It’s been nine years since my family hosted our first Hobbit Party, a Sept. 22 celebration to honor the birthdays of Bilbo and Frodo Baggins. (Just in case you’ve been living in a cave deep below the Misty Mountains: yes, these are Lord of the Rings characters we’re talking about here).
Since our first celebration, the annual Hobbit Party has easily become one of our favorite annual family traditions. As the years have gone by and our family has grown, our Hobbit Parties have grown with us — from a simple Lord of the Rings movie marathon as newly married college kids to an all-day festival filled with food, drink, and games for the whole family.
If you’ve been hoping to host a Hobbit Party of your own but weren’t sure where to start, I wanted to share our Hobbit Party-planning essentials, as well as a few ideas I’ve picked up throughout the years.
What about second breakfast?
“And laugh they did, and eat, and drink, often and heartily, being fond of simple jests at all times, and of six meals a day (when they could get them). They were hospitable and delighted in parties, and in presents, which they gave away freely and eagerly accepted.” —J.R.R. Tolkien, The Fellowship of the Ring.
The most important part of a good party is, as any hobbit knows, the food. And because hobbits are known to eat six meals a day (when they can get them), this leaves a lot of room for creativity when planning your menu. Our Hobbit Parties are often an all-day event, beginning with first and second breakfast, moving on to elevenses, luncheon, and afternoon tea, and concluding with supper and dessert in the evening.
While breakfast is usually a light meal consisting of a sweet pastry and tea, second breakfast is similar to a full English breakfast and includes eggs, bacon, sausages, fried mushrooms, baked beans, tomatoes, and fried potatoes. For “elevenses” (the small meal served around 11 a.m.), we will offer a few different types of teas as well as homemade Lembas and scones, followed by a similar setup for afternoon tea after lunch. As a rule, hobbits prefer hearty, home-cooked comfort foods for luncheon and supper, such as stews, savory pies, mushrooms, meats and cheeses — all served with bread and butter.
Drink and be merry
In the evening, hobbits could usually be found gathered together in the pub of their local inn. The three most well-known inns from The Lord of the Rings are the Green Dragon, the Golden Perch, and the Prancing Pony, so we will typically offer at least three different types of beer during our Hobbit Party and label them after these inns.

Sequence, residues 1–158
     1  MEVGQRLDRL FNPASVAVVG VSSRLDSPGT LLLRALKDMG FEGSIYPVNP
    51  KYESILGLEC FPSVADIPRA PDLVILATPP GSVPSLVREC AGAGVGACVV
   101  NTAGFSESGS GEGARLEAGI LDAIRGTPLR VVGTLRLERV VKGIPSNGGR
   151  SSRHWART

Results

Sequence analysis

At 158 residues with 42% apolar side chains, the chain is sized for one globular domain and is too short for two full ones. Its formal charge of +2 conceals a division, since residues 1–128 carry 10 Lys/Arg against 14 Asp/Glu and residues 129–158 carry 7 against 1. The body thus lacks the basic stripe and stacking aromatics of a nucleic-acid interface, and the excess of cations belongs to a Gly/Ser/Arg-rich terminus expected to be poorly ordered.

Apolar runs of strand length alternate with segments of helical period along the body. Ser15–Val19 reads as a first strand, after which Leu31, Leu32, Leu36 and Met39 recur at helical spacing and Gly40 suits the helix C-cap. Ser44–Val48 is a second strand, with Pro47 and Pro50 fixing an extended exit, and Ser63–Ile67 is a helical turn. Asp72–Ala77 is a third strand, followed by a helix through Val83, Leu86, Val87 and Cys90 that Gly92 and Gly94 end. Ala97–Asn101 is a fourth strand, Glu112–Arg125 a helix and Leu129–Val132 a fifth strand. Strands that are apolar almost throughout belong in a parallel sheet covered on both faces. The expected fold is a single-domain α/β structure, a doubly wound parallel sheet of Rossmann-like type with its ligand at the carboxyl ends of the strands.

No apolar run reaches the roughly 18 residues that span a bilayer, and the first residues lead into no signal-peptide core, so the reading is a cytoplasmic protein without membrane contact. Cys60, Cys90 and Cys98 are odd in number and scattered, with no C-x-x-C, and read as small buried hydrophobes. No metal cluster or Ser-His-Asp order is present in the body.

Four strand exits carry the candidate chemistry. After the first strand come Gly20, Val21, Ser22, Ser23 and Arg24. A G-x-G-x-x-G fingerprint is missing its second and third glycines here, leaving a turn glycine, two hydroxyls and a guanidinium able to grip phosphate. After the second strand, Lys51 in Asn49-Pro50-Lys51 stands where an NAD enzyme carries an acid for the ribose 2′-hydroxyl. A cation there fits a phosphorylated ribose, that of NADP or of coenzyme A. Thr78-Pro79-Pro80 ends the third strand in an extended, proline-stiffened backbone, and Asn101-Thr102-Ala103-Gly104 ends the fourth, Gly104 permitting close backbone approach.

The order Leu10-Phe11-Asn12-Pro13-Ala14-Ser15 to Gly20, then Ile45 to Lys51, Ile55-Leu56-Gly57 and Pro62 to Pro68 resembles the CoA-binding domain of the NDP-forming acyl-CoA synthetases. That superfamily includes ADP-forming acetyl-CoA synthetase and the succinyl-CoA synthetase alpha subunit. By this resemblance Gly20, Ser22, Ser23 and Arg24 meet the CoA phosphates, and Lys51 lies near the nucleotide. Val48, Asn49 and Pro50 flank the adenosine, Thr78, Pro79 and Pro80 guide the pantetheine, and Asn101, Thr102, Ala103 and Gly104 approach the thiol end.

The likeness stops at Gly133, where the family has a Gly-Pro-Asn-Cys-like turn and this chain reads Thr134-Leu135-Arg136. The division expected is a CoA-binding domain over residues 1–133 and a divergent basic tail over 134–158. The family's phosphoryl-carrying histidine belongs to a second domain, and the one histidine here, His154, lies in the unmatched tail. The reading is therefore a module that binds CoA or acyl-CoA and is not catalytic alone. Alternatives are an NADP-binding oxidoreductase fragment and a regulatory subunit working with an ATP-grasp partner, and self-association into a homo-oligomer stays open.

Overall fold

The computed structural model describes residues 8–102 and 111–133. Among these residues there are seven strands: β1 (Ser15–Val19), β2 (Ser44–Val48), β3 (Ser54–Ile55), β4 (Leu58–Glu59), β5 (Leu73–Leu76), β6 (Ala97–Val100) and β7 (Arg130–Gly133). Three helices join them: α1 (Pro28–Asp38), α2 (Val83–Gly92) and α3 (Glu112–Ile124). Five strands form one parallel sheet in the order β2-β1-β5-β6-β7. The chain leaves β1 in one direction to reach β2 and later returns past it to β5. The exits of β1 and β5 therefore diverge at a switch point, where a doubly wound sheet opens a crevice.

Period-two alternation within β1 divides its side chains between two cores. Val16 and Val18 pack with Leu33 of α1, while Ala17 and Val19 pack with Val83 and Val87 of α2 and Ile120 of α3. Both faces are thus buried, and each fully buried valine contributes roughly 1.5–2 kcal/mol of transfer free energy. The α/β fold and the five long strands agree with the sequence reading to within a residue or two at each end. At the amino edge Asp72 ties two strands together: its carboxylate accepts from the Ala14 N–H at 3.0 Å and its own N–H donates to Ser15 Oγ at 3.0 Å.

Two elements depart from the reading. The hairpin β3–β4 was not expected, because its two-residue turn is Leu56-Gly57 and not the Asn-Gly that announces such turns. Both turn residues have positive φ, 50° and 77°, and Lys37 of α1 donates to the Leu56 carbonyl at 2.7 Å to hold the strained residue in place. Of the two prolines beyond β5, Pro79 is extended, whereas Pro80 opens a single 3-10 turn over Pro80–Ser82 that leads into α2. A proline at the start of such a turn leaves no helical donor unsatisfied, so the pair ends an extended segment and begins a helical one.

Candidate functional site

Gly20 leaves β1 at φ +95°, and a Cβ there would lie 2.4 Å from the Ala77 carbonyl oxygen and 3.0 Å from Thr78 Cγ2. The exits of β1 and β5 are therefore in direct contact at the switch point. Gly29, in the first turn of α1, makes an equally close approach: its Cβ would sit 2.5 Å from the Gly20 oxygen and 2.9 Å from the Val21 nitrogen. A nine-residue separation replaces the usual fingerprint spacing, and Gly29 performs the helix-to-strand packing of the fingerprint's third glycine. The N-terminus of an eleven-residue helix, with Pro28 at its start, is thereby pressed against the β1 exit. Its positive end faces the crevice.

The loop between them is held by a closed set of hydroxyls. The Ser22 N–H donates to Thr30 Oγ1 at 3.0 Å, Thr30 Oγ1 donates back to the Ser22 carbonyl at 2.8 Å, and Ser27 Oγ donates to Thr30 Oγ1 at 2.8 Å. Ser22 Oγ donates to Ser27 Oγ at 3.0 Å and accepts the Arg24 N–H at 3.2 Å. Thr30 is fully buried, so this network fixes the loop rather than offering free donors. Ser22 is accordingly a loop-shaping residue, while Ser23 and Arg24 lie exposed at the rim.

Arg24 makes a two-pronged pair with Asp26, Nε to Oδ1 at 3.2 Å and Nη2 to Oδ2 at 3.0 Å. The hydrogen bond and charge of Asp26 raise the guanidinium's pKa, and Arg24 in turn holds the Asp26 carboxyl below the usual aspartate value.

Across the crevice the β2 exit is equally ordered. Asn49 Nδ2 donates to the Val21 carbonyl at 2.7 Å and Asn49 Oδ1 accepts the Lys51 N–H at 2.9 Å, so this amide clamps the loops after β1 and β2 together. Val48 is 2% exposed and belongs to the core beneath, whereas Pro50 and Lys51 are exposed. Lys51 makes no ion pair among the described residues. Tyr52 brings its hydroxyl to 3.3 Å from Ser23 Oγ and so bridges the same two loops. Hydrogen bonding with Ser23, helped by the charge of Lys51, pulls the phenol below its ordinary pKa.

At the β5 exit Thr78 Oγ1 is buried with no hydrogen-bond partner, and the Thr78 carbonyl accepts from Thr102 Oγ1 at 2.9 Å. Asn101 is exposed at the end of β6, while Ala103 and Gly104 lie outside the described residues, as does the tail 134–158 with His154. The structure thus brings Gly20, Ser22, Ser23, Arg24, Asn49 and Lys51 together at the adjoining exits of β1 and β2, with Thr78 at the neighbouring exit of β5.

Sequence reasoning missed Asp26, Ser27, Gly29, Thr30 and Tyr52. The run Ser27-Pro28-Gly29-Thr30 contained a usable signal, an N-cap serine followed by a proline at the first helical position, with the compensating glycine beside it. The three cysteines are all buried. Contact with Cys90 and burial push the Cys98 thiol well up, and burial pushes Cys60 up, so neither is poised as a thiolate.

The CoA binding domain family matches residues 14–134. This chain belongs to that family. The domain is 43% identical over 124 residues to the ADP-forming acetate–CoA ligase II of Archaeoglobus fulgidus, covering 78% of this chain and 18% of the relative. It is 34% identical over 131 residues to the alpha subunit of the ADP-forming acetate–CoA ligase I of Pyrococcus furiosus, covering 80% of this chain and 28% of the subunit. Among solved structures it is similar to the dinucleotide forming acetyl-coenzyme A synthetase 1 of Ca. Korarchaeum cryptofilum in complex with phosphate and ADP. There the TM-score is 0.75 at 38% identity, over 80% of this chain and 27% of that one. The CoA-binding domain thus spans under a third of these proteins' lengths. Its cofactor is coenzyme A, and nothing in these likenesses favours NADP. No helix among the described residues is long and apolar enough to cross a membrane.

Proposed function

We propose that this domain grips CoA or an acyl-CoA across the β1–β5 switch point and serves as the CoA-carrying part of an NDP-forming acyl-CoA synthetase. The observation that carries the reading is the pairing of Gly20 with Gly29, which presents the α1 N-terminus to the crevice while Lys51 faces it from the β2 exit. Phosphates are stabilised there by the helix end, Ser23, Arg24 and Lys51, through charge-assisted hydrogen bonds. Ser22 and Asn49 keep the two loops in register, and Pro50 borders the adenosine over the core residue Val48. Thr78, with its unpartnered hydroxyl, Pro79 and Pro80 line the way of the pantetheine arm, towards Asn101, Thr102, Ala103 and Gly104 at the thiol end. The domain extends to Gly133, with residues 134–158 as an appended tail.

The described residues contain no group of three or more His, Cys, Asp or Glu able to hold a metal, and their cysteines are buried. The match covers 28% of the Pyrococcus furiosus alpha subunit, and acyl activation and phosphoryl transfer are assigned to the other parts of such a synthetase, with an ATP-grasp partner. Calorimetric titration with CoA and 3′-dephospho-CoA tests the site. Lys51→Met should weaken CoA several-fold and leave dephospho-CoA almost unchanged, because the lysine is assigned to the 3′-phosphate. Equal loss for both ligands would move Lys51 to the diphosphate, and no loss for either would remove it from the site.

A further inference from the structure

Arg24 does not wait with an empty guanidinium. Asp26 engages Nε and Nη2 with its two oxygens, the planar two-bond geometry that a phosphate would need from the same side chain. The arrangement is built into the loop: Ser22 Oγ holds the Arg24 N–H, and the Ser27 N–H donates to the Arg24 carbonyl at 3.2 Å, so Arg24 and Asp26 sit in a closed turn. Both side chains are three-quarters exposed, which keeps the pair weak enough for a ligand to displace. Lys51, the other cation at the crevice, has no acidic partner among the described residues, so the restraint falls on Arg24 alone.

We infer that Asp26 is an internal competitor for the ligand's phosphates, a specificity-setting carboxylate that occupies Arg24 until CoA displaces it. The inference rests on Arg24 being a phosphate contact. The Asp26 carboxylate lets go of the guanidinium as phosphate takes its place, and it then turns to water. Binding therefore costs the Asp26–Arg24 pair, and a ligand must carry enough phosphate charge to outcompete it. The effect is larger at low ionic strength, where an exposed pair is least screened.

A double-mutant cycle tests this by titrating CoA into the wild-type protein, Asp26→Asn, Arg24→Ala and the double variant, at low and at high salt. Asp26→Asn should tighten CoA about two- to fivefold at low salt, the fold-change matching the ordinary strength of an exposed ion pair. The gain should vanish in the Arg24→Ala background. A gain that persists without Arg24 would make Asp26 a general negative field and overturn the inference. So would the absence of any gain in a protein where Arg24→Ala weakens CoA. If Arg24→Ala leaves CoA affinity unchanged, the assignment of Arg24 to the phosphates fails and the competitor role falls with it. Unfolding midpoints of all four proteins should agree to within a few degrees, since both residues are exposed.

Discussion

We also create two signature drinks for the party: Ent Draught and Miruvor, the Cordial of Imladris. Ent Draught is a drink given to Merry and Pippin by Treebeard when in his company. To make this drink, we love to use something cool and refreshing, such as an herbal iced tea or sparkling cider. Miruvor is a colorless cordial given to the Fellowship of the Ring while in Rivendell, and it grants renewed vigor and strength to any who would drink it. For this drink, we like to use recipes that include elderberry syrup, floral flavors, or fruit nectar. Because there are no “official” recipes for either of these drinks, I encourage you to play around with ideas and create a signature drink of your own!
Because late September also marks the beginning of autumn, we also love to include apple cider, chai lattes, and spiced rum in our beverage offerings.
Middle-earth inspired party games
Along with plenty of food and drink, I recommend planning a few middle-earth inspired activities for guests to enjoy between meals. A few of our favorites:
Flower crowns with Eleanor the Fair: Place silk flowers, floral wire and tape, and small wire cutters on a table and allow guests to make their own flower crowns throughout the party.
Gandalf’s fireworks: In honor of our favorite wizard, grab a few packs of sparklers or small fireworks for guests to enjoy after sunset.
The desolation of Smaug: Find a dragon-shaped pinata, fill it with “dragon treasure,” such as chocolate coins, ring-pops, etc. Give guests turns taking their shot at Smaug!
Shelob’s web: Using white crepe paper, create a “spider web” in a designated area of your party space and hide a ring somewhere within the web. Give guests foam swords to slice through the web as they race to find the ring. To make this one even more fun, turn off all the lights and give guests each one glow sick (a “phial of Galadriel”) to guide their path.
Riddles in the dark: This activity is pretty straightforward — a riddle game! Guests take turns asking each other riddles; anyone who answers wrong is “eaten by Gollum,” and the last person left wins. You can write your own riddles, use Tolkien’s riddles from The Hobbit, or find riddles online.
Food and cheer and song
“If more of us valued food and cheer and song above hoarded gold, it would be a merrier world.” —J.R.R. Tolkien, The Hobbit
However you decide to celebrate, I hope you’ll enjoy this opportunity to gather together in fellowship with friends and family. In the end, hobbits know that hosting is not about having a perfectly clean home or a Pinterest-worthy tablescape — it’s about coming together for food and cheer and song. Whatever your Hobbit Party looks like, I know it will be a party of “special magnificence.”